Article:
Deputy Health Minister Huang Jiefu says he is a doctor first; official second. And it is this sensibility that has made him speak out boldly against perceived ills in the health system - starting with the practice of taking organs from dead inmates.
The 66-year-old Huang (pictured) has stood out among the central government's top officials for his sharp criticism of public-hospital reform and health policies.
'I speak with the consciousness of a doctor - and a doctor who has been working in the medical system for so many years,' Huang told the South China Morning Post.
At a conference in Hangzhou city on Thursday, Huang, an Australia-trained surgeon, said China would phase out within three to five years the practice of sourcing organs from executed inmates, Xinhua reported.
'The fact that most organs [for transplant] come from executed prisoners tarnishes the image of China,' Huang said. 'It needs to be replaced with a more ethical and sustainable system.'
In a paper published in The Lancet medical journal in March, Huang said China was the only country to systematically use organs from executed prisoners in transplants. It said 65 per cent of transplant operations done in China used organs from deceased donors, 90 per cent of whom were executed inmates.
Huang, who is also the chief of Peking Union Medical College Hospital's liver surgery unit, has himself performed more than 500 liver transplants and does 100 surgeries a year.
China is second globally in terms of the number of organ transplants performed each year, at more than 10,000. But the procedure's rapid development has been criticised as barbaric, since many of the organs are harvested from prisoners who had been forced to donate or whose consent was not nonexistent.
Despite this, doctors feel compelled to operate within the system to help their patients, Huang wrote in The Lancet paper. He also noted that most transplant doctors in China would avoid discussing organ procurement in international academic forums out of shame.
'I have been working to advance the establishment of [a] voluntary organ-donation system because I am a doctor, and that's what the patients need. Organ transplants are the last resort to save a patient,' Huang said.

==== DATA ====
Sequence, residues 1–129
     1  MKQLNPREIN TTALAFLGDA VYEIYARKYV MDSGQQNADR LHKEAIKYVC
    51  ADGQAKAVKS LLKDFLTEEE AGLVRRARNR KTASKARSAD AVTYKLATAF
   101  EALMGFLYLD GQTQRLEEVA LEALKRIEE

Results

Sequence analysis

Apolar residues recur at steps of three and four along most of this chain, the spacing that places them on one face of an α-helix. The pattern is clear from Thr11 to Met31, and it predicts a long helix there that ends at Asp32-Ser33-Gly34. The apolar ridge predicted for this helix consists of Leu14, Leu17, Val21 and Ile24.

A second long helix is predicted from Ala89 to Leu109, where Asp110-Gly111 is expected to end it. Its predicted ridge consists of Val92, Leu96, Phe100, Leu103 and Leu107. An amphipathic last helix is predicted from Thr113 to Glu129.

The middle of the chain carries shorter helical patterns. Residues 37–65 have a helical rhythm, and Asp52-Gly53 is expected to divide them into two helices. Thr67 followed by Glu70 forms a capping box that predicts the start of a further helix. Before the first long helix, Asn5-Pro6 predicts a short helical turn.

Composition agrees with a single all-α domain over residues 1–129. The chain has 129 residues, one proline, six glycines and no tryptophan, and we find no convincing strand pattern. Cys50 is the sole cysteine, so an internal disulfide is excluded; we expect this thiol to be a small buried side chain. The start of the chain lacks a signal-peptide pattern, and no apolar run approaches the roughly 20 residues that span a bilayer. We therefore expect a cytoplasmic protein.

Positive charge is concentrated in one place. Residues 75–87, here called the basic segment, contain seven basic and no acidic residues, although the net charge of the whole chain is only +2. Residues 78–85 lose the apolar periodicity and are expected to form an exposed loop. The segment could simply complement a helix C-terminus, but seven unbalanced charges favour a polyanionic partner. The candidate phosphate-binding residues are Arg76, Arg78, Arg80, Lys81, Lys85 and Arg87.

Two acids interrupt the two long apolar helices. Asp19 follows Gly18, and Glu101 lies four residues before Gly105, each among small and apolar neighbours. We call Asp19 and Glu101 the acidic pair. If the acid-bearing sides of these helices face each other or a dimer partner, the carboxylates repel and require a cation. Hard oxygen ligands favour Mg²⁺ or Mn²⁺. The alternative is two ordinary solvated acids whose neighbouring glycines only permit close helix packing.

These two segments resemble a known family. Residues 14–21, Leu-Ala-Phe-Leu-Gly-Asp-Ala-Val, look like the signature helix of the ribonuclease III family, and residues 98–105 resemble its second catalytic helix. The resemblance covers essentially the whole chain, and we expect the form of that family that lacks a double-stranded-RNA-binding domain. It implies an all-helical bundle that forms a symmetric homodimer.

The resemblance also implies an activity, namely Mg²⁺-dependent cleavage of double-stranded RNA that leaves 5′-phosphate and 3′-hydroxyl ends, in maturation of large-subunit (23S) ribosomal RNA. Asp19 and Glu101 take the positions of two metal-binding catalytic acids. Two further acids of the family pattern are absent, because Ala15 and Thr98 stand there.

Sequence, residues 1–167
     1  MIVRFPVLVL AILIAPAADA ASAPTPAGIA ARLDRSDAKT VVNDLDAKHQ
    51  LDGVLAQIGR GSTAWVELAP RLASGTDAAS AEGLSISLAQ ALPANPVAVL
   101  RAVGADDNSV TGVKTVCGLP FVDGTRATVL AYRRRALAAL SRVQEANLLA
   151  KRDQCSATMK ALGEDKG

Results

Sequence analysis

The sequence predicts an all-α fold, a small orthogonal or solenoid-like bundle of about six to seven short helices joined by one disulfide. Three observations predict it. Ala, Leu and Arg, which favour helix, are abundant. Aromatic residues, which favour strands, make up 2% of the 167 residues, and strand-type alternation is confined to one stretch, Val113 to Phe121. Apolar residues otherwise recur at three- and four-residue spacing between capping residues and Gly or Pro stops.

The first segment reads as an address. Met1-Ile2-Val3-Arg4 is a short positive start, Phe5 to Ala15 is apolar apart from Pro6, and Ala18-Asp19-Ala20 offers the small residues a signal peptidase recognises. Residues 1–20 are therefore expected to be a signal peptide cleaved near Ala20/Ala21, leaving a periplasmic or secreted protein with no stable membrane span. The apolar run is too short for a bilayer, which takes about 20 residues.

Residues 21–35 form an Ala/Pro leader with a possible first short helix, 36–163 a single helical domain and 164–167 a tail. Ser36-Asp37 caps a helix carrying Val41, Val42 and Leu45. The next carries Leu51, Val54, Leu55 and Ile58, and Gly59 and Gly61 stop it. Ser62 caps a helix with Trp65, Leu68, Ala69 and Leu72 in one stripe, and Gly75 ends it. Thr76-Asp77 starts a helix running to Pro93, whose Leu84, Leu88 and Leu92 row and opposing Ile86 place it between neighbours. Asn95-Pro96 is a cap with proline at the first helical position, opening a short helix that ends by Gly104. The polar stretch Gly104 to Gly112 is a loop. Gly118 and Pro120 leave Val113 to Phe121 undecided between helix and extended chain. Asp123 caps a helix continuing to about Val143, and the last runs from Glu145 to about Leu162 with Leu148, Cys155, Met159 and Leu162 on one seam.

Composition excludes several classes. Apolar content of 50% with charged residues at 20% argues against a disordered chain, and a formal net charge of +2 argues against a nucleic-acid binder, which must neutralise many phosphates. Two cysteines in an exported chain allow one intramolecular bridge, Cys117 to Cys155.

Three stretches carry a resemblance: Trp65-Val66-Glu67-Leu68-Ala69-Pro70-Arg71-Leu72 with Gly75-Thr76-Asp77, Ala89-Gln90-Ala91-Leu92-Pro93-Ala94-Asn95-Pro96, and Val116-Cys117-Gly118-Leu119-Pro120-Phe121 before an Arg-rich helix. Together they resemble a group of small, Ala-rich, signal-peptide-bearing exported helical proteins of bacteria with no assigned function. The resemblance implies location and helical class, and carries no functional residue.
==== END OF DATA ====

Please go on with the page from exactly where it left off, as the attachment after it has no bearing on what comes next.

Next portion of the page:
The more humane system, similar to the United Network for Organ Sharing in the United States, will try to ensure a transparent, fair and need-based system to identify beneficiaries.
Huang acknowledges that some doctors who benefit from the old organ-sourcing system may resist the new scheme even if organs from patients who die of cardiac death, for instance, are of higher quality than those from prisoners.
'Doctors who are opposed to the [new] system must be trying to protect their own interests to profit from the involvement of the courts and army police. They won't be able to do that anymore with this open organ-donation system,' he said.
Voluntary donations are rare or virtually unheard of on the mainland, partly due to the traditional belief that a body should be buried or cremated intact. The lack of quality organs has also been exacerbated by a law that restricts organ sourcing from living donors to a patient's blood relatives. More than one million terminal kidney patients and 300,000 terminal patients with liver disease await transplants each year.
The gap between organ supply and demand has given rise to organ trafficking. Huang said the illegal trade resulted in six hospitals being disqualified last year from performing such transplants, and 16 doctors saw their licences revoked.
'We can't crack down on organ trade by banning living organ donations,' Huang said. 'We must build a voluntary donation system, and I believe that, once such a system is set up, such cases won't happen again.'
Huang's proposed system is currently being pilot-tested in 16 provinces and cities, and is expected to go national within the year. It will use a National Deceased Donor Database. 'The trial went very well and enabled around 200 organ donations. When the trial started in 2009, I expected only 100 surgeries,' Huang said.
The Red Cross Society of China is in charge of approaching the families of terminally ill patients and assigning organs to recipients.
Huang expects amendments to the 2007 Regulation on Human Organ Transplantation within this year, as the legal basis for the scheme.
Congruent to his fight for more ethical organ-donation policy is Huang's push for urgent reforms in China's 20,000 public hospitals, which he says 'are not public in the real sense'.
Huang says government financing comprises a meagre 10 per cent of each hospital's funds - barely enough for retired medical staff's pensions. Hospitals must find other sources of income, usually in the form of a 15 per cent surcharge they are allowed to place on prescribed drugs.
This, Huang says, has made hospitals profit-driven. 'Public hospitals will continue to pursue profits until the system is fixed.'
But the minister says the government cannot afford to increase public-hospital funding, so proposed allowing more private investment. He said the government could finance the operating costs of 1,000 provincial hospitals, 2,000 county hospitals and 100 major, high-quality hospitals. The rest could be run by private investors, he said.
'[Doctors] wouldn't worry about generating more income ... being able to choose the most reasonable and cheapest [treatments] rather than the most profitable ones.'